Yesterday afternoon, Ice-T, a pop-cultural jack-of-all trades, added one more notch to his creative tool belt: director. He premiered his film, Something From Nothing: The Art of Rap, in the Festival’s Documentary Premieres program. Co-directed by Andy Baybutt, the doc follows Ice-T as he literally takes to the streets to interview the pantheon of rap and hip-hop masters from over the last 30 years about the craft and skill of rapping; and how this art form redefined a generation.
The Q&A was not a typical post-film discourse. Yes, many audience members had serious questions for the director. But some of Ice-T’s responses came in the form of impromptu rap. The audience often broke out in a collective bob, unintentionally foreshadowing the evening festivities to come.
Later that night, Ice-T, along with two of his fellow doc subjects Chuck D (of Public Enemy) and Grandmaster Caz, took the stage again for “A Celebration of Music in Film” at the Sundance Music Café. Peter Golub, the director of Sundance Institute’s Film Music Program, has produced this event for several years to showcase the crucial role that music plays in the composition of a film. And what better way to celebrate the livelihood of film music than with a live concert?
Before the trio performed, they took part in a brief Q&A moderated by Tracy McKnight, co-programmer of the event and head of film music at Lions Gate, during which they, quite fittingly for Sundance, spoke about the spirit of making independent art.
Ice-T also described his frustration with the current music scene: “New artists are caught in a paradigm,” he explained. “There is no underground because of the Internet… the Internet now means free,” which has created an economic pressure on music production. He added, “The new artist is now forced to produce stuff for the radio. You’re limited with content.”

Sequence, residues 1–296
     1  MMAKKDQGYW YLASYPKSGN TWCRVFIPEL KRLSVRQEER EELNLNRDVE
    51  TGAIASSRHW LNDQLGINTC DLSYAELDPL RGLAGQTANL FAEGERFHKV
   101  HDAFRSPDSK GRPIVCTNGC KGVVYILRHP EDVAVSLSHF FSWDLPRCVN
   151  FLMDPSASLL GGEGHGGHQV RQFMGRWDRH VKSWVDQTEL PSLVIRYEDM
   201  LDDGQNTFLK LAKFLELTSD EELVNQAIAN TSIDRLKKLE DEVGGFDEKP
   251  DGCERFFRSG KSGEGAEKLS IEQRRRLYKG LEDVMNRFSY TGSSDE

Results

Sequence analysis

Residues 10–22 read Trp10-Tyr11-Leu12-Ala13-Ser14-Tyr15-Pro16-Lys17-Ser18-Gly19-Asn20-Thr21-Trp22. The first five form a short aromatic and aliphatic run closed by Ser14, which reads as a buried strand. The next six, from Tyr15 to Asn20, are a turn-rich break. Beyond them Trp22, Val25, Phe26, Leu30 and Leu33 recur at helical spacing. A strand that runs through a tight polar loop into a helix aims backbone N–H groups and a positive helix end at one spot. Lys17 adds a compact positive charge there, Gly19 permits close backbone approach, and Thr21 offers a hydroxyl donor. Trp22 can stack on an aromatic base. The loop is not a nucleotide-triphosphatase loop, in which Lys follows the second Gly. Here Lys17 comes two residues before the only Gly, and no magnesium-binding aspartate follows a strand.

Ice-T connected today’s disillusioned youth, the mass consumers of radio fluff, with his own son and how by providing his son with a life of privilege, he has disconnected his son from reality. “How can he rap about what I rapped about when he hasn’t lived it?” He pleaded with today’s rappers to “look at the conditions around you. You’ve got a black president, you’ve got sub-prime situations, you’ve got unemployment, you’ve got a fucking war.”
The actor-director-musician then pushed the context beyond rap. “Music as a whole is delusional,” Ice-T said. “If you listen to pop music right now you’ll think life is perfect. Life is fucked up right now.” However, Ice-T sees a light at the end of the tunnel, “We’re in the Ice Age, but I think this shit is going to open up. I’m looking for a 19-year-old Rage Against the Machine, a 19-year-old Public Enemy, a 19-year-old Ice-T, 19-year-old NWA.”
Heeding his own advice to keep music real, Ice-T, Chuck D, and Grandmaster Caz shared the mic, tag-teaming a show that included segments from their old school rap as well as some spontaneous freestyling. Highly poetic by nature, the intimacy of their lyrics was not lost in performance.
Never detaching from the moment at hand, they were in constant interaction with the audience—from Grandmaster Caz asking if anyone had ever been caught having sex (he went on to rap his personal saga), to Ice-T pulling on stage his “biggest fan,” a seemingly straight-laced, spectacled, middle-aged white guy who eagerly took the mic and stepped up to the challenge of backing-up Ice-T in rhyme.
The sense of spontaneity sustained the energy of the packed house. Everyone continued to bounce even if they had no idea what was going to come out of the trio’s mouth next.